Legacy of Kain began life as an overhead styled game called Blood Omen for the Playstation, where you played as newly minted vampire, Kain. While popular, its sequel, Soul Reaver, is where the series truly pulled me in. It was the Ocarina of Time to Blood Omen’s A Link to the Past (strictly in regards to game style). It also began the story that would permeate the remaining entries in the series, which ended with Defiance in 2003. The problem is, Defiance didn’t exactly wrap the story up. Oh, there’s an ending, but there are threads for future stories that have yet to come. The only news available for Legacy since 2003 is an MMO Game called Nosgoth that was ultimately shut down. It was only mildly related to the overall series, and was not developed by Crystal Dynamics. Considering the popularity of the Legacy of Kain series, it is surprising that it has remained dormant this long, but those of us that are still fans of the games still hope to see a more definitive ending to Kain (and Raziel’s) journey in Nosgoth.

Blaster Master7. Blaster Master
Last Entry – Blaster Master: Overdrive (2010)
If you don’t know Blaster Master, stop reading this blog, go find a copy (check the Virtual Console/eShop), and play it. Then come back. Everyone else knows Blaster Master. You play through an open world via a side-scrolling/overhead shooter hybrid style. You’re goal? To get your frog back and stop some radioactive mutants from taking over the Earth. Blaster Master is a classic that saw entries on the Sega, GBC, Playstation, and a remake via WiiWare (which is pretty darn good, FYI) and has been praised for level design as well as seamlessly merging separate game styles into one game. Aside from the remake, the last actual sequel was the PS entry Blaster Master: Blasting Again, released in 2001, which received average reviews (but which I thoroughly enjoyed). Blaster Master is a franchise that is so well know that I’m rather amazed that nothing new has been developed since 2010. The gameplay style(s) scream 3DS. Still, sadly, it seems that there is currently nothing on the horizon for this beloved series. *Note: Blaster Master received a wonderfully corny Worlds of Power adaptation. If you can find a copy, I strongly suggest reading it.

Baldur's Gate6. Baldur’s Gate: Dark Alliance
Last Entry – Baldur’s Gate: Dark Alliance 2 (2004)
I realize that Baldur’s Gate is hardly a forgotten series, but I’m speaking specifically of the Dark Alliance series developed for consoles. As I’m not much of a PC gamer, Dark Alliance was my only foray into the world of Baldur’s Gate, and I loved it. Dark Alliance is an overhead hack and slash RPG with character selection. The original was extremely well received, even winning a Role-Playing Game of the Year Award. The sequel was also acclaimed, though it was noted that it added very little to the gameplay of the original. The primary reason I feel this series needs a new entry is that the second title ended on a cliff hanger. You’re shown that someone has been working against you behind the scenes, yet you’re not shown who it was. It also stings that a third title was in development but cancelled solely due to legal issues. Every now and again, news crops up on a Dark Alliance 3, but it’s generally just wishful thinking or unsubstantiated rumors. I still hold out hope though, that I’ll one day get to play through the conclusion of the story from Dark Alliance and Dark Alliance 2.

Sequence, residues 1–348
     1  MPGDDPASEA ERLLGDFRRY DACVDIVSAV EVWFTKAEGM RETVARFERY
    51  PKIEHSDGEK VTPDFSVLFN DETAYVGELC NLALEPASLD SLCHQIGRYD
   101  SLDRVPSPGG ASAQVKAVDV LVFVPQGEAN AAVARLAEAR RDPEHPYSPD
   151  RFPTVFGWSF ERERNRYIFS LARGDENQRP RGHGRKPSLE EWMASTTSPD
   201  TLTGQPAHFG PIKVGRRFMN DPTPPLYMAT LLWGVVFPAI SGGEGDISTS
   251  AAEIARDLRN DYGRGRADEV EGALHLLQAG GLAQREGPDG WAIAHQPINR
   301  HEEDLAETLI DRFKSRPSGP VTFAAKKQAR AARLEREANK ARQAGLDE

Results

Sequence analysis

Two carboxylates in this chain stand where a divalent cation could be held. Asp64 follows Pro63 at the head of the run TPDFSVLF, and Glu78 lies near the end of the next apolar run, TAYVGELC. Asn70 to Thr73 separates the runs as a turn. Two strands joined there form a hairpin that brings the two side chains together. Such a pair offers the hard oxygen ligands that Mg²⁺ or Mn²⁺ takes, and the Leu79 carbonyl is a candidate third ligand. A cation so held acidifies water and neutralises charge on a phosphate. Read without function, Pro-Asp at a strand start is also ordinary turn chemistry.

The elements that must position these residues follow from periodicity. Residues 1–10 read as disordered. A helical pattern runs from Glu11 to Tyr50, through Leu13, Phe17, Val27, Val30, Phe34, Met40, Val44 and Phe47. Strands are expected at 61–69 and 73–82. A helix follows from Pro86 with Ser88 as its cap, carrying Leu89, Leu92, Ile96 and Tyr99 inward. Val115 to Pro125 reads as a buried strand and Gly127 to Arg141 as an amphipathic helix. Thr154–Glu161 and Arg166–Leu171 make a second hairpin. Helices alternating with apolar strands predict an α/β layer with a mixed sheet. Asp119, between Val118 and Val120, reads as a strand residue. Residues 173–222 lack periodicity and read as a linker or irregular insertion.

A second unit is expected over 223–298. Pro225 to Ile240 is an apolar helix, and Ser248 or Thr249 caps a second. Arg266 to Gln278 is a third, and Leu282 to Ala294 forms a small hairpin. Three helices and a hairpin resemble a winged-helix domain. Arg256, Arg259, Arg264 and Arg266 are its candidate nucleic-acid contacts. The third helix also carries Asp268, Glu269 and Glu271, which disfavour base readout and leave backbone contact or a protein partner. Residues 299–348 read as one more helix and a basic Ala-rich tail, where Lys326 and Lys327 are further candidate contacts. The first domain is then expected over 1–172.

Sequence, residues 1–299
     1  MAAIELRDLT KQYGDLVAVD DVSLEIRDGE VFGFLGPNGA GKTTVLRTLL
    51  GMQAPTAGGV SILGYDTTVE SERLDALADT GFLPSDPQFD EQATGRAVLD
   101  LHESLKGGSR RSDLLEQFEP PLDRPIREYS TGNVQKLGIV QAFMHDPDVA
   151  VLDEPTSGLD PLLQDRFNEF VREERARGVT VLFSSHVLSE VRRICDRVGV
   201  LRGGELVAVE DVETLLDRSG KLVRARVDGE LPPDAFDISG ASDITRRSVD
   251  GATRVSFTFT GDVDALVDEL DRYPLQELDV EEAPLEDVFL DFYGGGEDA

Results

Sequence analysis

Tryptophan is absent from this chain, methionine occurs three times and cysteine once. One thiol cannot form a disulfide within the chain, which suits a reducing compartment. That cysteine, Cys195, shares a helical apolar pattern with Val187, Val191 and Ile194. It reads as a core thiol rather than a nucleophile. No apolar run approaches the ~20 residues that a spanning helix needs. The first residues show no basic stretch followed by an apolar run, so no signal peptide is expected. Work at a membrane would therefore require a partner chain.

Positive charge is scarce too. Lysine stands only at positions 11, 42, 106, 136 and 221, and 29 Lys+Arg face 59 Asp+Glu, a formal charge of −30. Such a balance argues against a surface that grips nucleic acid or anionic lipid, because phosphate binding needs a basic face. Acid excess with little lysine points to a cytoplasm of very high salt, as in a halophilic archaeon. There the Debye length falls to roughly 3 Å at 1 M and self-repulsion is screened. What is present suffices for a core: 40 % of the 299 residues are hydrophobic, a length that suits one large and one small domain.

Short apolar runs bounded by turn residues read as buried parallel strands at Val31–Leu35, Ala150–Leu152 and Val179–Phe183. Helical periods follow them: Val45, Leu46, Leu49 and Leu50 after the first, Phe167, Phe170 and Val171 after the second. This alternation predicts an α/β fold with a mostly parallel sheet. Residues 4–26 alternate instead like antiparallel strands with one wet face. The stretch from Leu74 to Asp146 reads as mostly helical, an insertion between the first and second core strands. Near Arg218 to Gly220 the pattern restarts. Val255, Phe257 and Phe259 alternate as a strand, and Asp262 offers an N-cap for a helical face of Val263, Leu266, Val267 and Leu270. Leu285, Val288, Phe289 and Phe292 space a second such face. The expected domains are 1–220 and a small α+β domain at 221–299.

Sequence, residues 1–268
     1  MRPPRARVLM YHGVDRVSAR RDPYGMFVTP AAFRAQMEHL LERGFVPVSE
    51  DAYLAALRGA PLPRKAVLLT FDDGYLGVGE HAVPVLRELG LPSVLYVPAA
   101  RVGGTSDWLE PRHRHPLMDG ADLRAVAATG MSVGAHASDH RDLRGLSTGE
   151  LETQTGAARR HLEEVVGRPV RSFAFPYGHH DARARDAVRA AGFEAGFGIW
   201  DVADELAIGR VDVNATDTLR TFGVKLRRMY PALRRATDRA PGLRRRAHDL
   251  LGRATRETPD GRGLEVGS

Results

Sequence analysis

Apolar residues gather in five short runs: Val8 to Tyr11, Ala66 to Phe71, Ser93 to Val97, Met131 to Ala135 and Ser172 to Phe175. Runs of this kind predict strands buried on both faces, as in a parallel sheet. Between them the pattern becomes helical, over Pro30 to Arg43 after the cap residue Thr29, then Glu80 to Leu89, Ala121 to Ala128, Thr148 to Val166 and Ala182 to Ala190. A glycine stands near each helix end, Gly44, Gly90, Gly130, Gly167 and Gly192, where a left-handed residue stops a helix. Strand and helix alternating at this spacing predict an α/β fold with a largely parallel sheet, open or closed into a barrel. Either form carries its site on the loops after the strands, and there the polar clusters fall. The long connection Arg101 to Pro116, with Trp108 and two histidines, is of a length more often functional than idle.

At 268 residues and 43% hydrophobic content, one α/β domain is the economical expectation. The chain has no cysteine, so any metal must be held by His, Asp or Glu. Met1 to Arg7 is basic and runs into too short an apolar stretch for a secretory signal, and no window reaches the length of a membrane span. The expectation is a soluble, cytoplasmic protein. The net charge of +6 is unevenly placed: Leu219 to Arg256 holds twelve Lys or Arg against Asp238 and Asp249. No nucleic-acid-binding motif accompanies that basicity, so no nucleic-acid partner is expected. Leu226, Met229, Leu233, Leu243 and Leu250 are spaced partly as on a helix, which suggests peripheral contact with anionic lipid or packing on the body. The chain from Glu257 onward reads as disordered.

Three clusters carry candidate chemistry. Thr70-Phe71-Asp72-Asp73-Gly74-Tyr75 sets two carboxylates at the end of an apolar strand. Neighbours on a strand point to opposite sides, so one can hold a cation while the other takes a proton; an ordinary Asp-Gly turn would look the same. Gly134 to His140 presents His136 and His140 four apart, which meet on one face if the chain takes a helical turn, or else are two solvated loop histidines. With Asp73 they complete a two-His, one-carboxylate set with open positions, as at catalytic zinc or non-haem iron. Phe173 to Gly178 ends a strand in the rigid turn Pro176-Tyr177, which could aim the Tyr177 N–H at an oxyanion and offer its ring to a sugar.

Darksiders5. Darksiders
Last Entry – Darksiders II (2012)
Really? 2012? It seems so much longer. Regardless, Darksiders burst onto the scene in 2010, bringing us an apocalyptic Zelda-esque title. You play as War, the horsemen, who has been summoned by someone, and is accused of beginning the Apocalypse early. You’re then given a chance to prove your innocence and find the true culprits. While the story does give you answers, it never feels finished, and the ending scene hints at the arrival of the remaining three horsemen. Darksiders II takes place concurrently, placing you in the role of Death, and opens up more of the story of the franchise. Since then, we’ve been left to wonder exactly what became of the four horsemen at the end of the original game. Development of a sequel has most likely been held up by the selling of the license due to a bankruptcy. This franchise came to mind for two main reasons: the plot is surprisingly deep, and the gameplay is both varied and familiar between the two titles. There is also the fact that the other two horsemen, Strife and Fury, have not (yet) been playable characters. I’m excited to see their interpretation in the franchise, and how the gameplay will be adapted to their “powers.” Recent news regarding Nordic Games (the owners of multiple THQ licenses), seems to indicate that the wait for Darksiders III may not be that long.

Lufia4. Lufia
Last Entry – Lufia: Curse of the Sinistrals (2010)
Lufia was one of the premier RPG’s on the Super NES, before finding a home on the Gameboy/DS systems, but has been quiet since Curse of the Sinistrals (DS) in 2010, itself being a remake of Lufia 2 (Super NES). The fact that Lufia remains knows is even more surprising when you consider that it has received no eShop/digital distribution of the original titles. The franchise is running solely on the fact that it was so good on the Super NES (the DS remake was just average). This is a series that could benefit greatly by returning to its roots via a 3DS title. Speaking strictly of feasibility, I can’t imagine a full-fledged console Lufia title simple because the budget would be insane, hence a smaller title on a handheld. I’m sad to say that I missed out on Lufia for the most part, and would jump at a chance to play the originals or even a proper sequel. With any luck, Neverland hasn’t forgotten this gem of a series.